Prostaglandin Control of the Renal Circulation in Response to Hypoxemia in the Fetal Lamb in Utero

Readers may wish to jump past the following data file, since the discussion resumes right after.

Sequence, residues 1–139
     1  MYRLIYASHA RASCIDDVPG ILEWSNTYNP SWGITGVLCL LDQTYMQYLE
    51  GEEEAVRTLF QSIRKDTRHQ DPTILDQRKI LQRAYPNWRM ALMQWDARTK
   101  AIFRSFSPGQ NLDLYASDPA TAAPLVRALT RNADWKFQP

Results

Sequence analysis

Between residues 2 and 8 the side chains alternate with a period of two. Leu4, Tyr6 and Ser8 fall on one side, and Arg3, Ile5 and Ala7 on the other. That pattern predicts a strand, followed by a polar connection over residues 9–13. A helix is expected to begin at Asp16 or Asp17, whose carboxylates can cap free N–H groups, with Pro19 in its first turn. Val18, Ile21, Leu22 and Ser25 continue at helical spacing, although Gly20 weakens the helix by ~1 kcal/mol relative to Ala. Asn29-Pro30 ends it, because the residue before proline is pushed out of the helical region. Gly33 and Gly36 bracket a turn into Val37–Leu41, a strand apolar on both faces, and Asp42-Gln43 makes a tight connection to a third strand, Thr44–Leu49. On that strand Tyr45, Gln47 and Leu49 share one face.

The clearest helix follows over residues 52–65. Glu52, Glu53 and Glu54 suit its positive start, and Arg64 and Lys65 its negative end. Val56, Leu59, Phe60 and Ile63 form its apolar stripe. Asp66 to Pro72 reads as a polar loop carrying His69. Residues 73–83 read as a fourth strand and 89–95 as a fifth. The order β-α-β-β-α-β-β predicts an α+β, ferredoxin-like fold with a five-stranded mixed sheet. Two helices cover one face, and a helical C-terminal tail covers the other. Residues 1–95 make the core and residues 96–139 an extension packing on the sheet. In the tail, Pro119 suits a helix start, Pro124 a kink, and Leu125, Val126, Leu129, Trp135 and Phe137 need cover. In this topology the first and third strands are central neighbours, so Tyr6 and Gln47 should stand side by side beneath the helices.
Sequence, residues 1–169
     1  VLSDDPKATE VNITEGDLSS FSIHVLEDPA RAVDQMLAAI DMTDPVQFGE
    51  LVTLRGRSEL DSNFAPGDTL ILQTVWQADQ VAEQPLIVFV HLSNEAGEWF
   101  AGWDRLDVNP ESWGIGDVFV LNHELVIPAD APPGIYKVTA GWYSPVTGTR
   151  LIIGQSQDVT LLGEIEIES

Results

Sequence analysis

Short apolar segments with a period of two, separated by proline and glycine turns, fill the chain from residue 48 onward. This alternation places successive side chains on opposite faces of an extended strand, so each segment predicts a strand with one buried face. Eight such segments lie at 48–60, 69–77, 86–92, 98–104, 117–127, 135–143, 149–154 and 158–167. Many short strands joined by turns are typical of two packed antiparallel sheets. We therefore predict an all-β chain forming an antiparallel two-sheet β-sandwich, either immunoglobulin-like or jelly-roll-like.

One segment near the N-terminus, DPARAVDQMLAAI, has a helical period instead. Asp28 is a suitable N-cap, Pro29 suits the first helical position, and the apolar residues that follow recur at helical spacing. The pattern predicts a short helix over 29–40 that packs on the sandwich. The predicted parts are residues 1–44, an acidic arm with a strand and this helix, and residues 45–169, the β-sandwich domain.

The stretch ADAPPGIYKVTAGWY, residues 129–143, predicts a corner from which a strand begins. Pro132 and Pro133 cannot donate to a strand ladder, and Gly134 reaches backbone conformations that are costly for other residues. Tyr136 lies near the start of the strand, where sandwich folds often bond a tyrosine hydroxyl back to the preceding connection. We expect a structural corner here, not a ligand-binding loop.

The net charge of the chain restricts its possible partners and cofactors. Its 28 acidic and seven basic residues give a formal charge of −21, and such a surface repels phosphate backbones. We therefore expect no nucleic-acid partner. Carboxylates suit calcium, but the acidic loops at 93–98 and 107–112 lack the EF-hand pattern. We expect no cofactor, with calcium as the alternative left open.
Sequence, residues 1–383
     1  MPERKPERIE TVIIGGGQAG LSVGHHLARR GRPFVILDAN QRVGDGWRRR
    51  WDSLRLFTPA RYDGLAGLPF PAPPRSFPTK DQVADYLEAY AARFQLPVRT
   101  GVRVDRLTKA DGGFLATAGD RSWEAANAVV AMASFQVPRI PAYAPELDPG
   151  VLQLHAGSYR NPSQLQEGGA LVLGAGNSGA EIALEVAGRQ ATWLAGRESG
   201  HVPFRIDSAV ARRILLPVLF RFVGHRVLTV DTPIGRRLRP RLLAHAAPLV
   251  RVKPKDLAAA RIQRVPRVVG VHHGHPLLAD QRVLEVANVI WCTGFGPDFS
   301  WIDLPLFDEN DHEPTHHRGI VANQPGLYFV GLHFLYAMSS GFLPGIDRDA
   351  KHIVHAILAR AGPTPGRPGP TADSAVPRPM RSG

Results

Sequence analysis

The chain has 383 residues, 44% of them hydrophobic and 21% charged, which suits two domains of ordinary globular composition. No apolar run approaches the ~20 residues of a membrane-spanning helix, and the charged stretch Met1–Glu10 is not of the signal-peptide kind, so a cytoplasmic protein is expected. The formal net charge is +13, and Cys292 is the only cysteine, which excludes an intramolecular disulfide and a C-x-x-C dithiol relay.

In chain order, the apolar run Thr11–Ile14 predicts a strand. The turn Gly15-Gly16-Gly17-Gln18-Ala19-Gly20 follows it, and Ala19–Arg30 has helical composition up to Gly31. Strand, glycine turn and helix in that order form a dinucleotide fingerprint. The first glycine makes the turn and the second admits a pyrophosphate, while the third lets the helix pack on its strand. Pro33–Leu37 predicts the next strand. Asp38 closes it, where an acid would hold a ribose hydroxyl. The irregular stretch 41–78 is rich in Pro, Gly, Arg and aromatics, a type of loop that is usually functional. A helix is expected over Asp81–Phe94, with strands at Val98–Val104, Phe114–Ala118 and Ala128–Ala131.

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We studied the effects of 10-minute periods of hypoxemia in unanesthetized fetal lambs in utero instrumented for measurements of arterial pressure and renal and iliac blood flows. Fetal hypoxemia, induced by delivering a hypoxic gas mixture to the ewe, was characterized by a reduction in fetal Path from 20.1 ± 1.4 to 8.8 ± 1.0 mm Hg (mean ± SE). The fetus responded with bradycardia and persistent vasoconstriction in the iliac bed throughout the 10-minute period. In contrast, renal resistance rose significantly only at the end of the hypoxemic period. After 5-7 minutes of hypoxemia, when iliac flow had fallen by 40 ± 4% and iliac resistance had risen by 86 ± 13%, renal flow and resistance were not changed significantly from control; in fact, we found that renal flow rose substantially at this time in several fetal lambs. After blockade of prostaglandin synthesis with either indomethacin or meclofenamate, renal flow fell after 5-7 minutes of hypoxemia by 36 ± 5%. The reduction in renal flow and increases in renal resistance were significantly greater than was observed prior to blockade of prostaglandin synthesis. Thus, fetal hypoxemia elicits bradycardia and intense peripheral vasoconstriction reflected by the changes in the iliac bed, with relative sparing of the renal bed. The relative protection of the renal bed during fetal hypoxemia appears to be related to a mechanism involving prostaglandins, since after blockade of prostaglandin synthesis, hypoxemia results in intense renal vasoconstriction. Ore Res 45:173-179, 1979

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